For Gil and Alma Cabacungan, rehabbing their south Oak Park bungalow has been a labor of love. For most of the 25 years they have lived in the home, they have been slowly making it into the house of their dreams, for themselves and their four children. 

A recent rear addition opened up a whole new living space for the family and garnered a Historic Preservation Award from the village as well.

Gil says that he and his wife are only the fourth owners of the home, which was built in 1923. They moved to Oak Park in 1993 because they loved the neighborhood and the schools, and they have slowly been adapting their home to suit their family’s needs.

“I’ve been doing upgrades to it forever,” Gill said. “We’re now on phase seven.”

Previous phases included redoing the kitchen, creating period-appropriate new windows and a curb-appeal makeover on the front of the house. The award-winning rear addition was phase six, followed shortly thereafter by phase seven: a heated brick paver driveway and patio.

Originally, Gil, who calls himself a designer at heart, envisioned a rear addition with a master suite on the second floor. He had plans drawn up for that work in 2000. As time went on, the family’s focus changed and, by 2015, they approached local architect Mark Zinni about planning an indoor/outdoor family room, with grade-level entry from the driveway. 

The Cabacungans’ son requires the use of a wheelchair, so much of the addition was designed to accommodate him and visiting friends. Gil points out that his son can roll right into the room from the driveway and uses the new lift to access all three floors of the bungalow.

In the process of designing a room that was easily accessible, Gil also charged Zinni with creating an indoor family room that brings the outdoors inside in all seasons. Not an unusual charge, but one that Zinni says was accomplished via a wall of 12-foot high glass doors — something that is a bit unusual for the area.

“Gil wanted something a little different and unique for the area, like something you would see out west in Colorado or Utah,” Zinni said. “You rarely see people here wanting to use that much glass to surround a room. You expect to see that overlooking a mountainscape.”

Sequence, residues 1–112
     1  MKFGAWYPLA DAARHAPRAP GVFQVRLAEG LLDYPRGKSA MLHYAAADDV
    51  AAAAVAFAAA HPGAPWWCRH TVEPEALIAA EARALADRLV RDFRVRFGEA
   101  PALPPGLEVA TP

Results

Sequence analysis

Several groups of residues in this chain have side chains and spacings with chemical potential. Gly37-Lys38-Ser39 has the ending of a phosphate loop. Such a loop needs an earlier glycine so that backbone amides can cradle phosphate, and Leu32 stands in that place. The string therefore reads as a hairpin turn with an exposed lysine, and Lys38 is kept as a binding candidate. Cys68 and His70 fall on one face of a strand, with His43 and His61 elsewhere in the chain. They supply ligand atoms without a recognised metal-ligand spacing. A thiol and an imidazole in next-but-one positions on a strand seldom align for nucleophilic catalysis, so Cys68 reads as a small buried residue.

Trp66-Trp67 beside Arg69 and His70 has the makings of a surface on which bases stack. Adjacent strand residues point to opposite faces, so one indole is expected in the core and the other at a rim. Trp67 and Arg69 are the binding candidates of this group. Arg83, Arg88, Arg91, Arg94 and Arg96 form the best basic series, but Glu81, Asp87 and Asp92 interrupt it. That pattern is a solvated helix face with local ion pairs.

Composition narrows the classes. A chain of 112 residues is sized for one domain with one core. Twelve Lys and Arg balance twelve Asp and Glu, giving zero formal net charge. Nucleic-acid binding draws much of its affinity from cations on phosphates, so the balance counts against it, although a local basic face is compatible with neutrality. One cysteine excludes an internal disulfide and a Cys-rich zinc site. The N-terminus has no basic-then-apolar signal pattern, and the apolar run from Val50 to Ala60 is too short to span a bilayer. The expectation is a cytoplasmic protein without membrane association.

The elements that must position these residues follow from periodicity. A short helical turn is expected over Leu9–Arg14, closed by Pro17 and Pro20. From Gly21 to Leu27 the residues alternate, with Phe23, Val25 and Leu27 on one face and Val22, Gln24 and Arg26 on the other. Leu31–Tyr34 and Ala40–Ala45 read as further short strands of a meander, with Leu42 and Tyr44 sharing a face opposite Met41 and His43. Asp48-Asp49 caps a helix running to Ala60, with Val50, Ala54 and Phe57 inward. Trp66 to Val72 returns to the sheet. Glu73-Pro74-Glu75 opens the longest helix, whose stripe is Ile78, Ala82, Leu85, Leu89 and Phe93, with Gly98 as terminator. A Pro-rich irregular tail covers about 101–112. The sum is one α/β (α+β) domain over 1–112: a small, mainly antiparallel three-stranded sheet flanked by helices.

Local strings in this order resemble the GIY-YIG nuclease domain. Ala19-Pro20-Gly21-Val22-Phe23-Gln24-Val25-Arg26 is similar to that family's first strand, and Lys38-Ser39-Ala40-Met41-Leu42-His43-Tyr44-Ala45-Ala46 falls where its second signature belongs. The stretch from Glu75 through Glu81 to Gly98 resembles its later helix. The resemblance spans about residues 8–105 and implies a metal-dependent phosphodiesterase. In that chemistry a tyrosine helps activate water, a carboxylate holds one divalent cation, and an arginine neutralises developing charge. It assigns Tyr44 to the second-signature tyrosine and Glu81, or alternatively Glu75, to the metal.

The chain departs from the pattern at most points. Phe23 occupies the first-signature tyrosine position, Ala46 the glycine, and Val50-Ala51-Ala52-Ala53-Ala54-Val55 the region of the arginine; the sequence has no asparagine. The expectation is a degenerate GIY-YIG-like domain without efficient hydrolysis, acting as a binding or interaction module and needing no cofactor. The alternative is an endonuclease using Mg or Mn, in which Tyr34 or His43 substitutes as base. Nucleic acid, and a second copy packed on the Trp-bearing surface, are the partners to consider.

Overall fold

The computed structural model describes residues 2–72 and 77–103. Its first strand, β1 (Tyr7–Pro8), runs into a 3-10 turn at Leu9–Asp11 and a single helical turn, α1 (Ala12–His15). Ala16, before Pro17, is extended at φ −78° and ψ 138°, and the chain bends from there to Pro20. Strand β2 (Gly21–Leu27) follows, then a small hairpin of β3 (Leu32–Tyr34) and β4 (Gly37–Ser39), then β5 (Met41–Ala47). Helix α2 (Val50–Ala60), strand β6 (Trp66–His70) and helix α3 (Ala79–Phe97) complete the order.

In spite of the vista of neighboring houses and suburban lawns, Gil says that the room achieves his desires. 

“I come home, and I feel like I’m in Colorado,” said Gil. “I wanted a lot of light and a lot of windows.”

Gil says that having lived in the house since 1993, he knew where the light came in and where the sunrise was visible. He turned to Zinni to capture that in the addition while making everything ADA-compliant for his son. Gil also wanted to continue the design aesthetic that weaves throughout the rest of the house. 

The family room skews more modern than the 1920s era home, but relies on many of the same materials to make a connection with the original home. 

“I like the idea of wood, stainless steel and glass,” Gil said.

The stairwell is stainless-steel framed glass, creating open sight lines in the family room. The original brick exterior wall is exposed as is the rear wall of the addition. 

Above the bricks, wood siding clads the addition, which rises up above the home, creating a cathedral ceiling. Two walls are formed of windows, and the third wall, which faces the back yard, is constructed of 12-foot sliding glass doors, which allows the entire room to be open to the paver patio in nice weather.

Gil notes that Marvin Windows recently began developing the large-scale sliding doors just a few years ago, and he knew they would be perfect for his project. All the Marvin Windows were planned with the assistance of Marvin Design Gallery by Evanston Lumber.

He called on his contractor, George Guerguyev of G&G Improvement, to help him achieve the precision necessary for the work. 

“He is one of the best in the business I think in terms of being a master craftsman,” Gil said. “He did everything by hand. The doors had to be very precisely fitted.”

Through it all, Gil managed the project and documented it. He tried to anticipate every last detail. The radiant-heat flooring keeps the room warm during all four season, and the acoustics are another bonus. 

The entire family loves music, and Gil notes that the space has already hosted several impromptu concerts. He envisions more taking place on the adjoining patio come summer.

The new driveway includes an ice-melt system, which allows his son to easily access the home from a car during inclement weather, and Gil made sure the workers installed the driveway at the appropriate pitch to drain into the yard when it rains. He also specified such details as burying the utility wires underground to create an unobscured view.

The entire family loves to use the space, and Gil says he already has a plan in mind for phase eight: the landscaping. 

“I’m not in a hurry though,” he said. “This took 15 years from concept to build.”

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